A Russian Riddle: Procurement Policies Explained
“Russian Prime Minister Medvedev gave government backing [Moscow Times] to loans meant to finance the fulfillment of government orders by defense contractors such as MiG. We wrote that sentence and can’t make sense of it either. Do they mean that until that announcement the Russian government may not have paid for what it had ordered?”
Enter DID subscriber Iouri Synogatch to say yes, it does mean what we thought it said. But there’s also more to the story…
“In the past the MoD paid for orders upon delivery. This forced manufacturers to take loans, to cover production costs, which they would repay after receiving their MoD contract payment upon delivery. This often resulted in them losing money on the interest rates. It also left them in a bad place, if the MoD rethought the order, or delayed payment for some reason. In some cases even the inflation on costs of materials and labor ate their loan money, leaving them with a net loss on the product, upon delivery. However starting in the Serdyukov era, they have slowly been moving over to advance financing of the purchase, at the production stage.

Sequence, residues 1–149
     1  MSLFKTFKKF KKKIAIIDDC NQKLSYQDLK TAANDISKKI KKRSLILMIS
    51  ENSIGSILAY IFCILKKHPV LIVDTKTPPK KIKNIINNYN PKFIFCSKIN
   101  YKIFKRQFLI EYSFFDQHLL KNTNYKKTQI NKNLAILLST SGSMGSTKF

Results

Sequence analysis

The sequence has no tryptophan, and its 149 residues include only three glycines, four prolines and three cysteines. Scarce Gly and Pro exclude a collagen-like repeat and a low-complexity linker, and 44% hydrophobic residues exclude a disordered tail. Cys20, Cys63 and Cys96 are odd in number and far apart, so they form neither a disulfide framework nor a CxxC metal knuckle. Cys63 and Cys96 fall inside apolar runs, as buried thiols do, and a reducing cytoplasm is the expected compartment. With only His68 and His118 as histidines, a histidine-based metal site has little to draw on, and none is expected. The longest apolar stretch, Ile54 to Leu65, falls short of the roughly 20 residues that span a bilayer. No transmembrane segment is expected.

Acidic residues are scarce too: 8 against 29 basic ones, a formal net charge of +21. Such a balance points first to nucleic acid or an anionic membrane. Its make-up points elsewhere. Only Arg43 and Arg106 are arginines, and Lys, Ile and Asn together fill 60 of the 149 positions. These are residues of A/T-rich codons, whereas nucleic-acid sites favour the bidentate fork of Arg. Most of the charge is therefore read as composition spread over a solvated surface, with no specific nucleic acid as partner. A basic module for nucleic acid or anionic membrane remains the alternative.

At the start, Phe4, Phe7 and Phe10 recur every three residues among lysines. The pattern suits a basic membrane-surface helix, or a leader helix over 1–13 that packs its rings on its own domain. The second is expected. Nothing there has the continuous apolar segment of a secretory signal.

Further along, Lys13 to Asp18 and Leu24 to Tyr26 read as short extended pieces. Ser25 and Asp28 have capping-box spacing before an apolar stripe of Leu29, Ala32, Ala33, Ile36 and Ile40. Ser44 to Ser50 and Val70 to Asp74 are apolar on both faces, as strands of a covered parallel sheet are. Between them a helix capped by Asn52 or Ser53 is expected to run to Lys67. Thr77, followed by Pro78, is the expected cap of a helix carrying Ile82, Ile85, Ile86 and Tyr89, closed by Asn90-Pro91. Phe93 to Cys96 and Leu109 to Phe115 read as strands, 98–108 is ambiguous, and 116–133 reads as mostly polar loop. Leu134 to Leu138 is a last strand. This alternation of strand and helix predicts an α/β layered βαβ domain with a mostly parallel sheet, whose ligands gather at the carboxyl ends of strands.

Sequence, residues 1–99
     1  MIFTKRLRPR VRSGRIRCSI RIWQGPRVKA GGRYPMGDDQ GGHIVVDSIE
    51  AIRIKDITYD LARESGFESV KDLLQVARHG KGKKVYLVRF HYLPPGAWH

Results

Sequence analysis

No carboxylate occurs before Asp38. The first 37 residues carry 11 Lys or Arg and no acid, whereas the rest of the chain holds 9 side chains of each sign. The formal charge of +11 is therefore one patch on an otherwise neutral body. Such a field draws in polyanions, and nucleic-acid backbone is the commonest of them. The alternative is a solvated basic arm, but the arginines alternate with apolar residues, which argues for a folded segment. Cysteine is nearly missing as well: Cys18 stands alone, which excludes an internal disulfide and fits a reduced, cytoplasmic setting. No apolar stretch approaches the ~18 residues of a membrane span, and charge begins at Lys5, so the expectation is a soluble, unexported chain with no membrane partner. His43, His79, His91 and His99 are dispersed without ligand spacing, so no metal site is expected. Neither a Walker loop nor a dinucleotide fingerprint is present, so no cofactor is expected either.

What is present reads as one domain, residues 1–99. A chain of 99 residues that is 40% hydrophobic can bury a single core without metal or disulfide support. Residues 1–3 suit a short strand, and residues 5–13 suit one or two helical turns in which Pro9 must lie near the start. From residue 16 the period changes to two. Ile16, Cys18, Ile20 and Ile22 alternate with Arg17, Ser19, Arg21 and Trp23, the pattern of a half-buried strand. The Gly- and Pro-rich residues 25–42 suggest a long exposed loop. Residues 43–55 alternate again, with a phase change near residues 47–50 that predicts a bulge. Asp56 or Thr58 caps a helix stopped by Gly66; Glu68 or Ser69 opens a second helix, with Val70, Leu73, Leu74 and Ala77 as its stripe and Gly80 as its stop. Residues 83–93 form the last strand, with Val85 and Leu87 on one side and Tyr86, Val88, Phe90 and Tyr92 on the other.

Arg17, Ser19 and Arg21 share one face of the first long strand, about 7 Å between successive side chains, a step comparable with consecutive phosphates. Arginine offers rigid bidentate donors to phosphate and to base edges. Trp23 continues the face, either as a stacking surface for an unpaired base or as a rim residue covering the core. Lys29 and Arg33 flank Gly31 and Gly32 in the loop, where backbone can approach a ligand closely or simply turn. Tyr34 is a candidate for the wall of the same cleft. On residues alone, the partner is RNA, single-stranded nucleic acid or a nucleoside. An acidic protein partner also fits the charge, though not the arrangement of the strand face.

This is not at 100% yet. So Medvedev is talking about government funds being used to make sure the industrial enterprises that still take out loans to pay for production costs, are able to get those loans at a reasonable rate. This will probably mean state banks providing the loans at better then market rates.
Interestingly enough, [the new defense minister] Shoygu has been pushing for a move away from advance financing… for certain projects, like military housing. He says that it puts the government in a vulnerable position if the construction company, for example, is late handing over the facility, or suddenly runs out of funds due to inefficiency, and demands more money to finish it.”
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